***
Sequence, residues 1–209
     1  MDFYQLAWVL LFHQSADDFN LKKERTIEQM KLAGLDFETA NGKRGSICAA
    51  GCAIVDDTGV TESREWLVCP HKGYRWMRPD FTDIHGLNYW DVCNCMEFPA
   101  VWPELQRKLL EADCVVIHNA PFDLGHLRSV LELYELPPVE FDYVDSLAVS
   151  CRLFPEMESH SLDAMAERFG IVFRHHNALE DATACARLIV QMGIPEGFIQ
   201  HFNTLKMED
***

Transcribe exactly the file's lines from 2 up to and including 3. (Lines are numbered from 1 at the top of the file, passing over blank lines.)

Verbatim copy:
     1  MDFYQLAWVL LFHQSADDFN LKKERTIEQM KLAGLDFETA NGKRGSICAA
    51  GCAIVDDTGV TESREWLVCP HKGYRWMRPD FTDIHGLNYW DVCNCMEFPA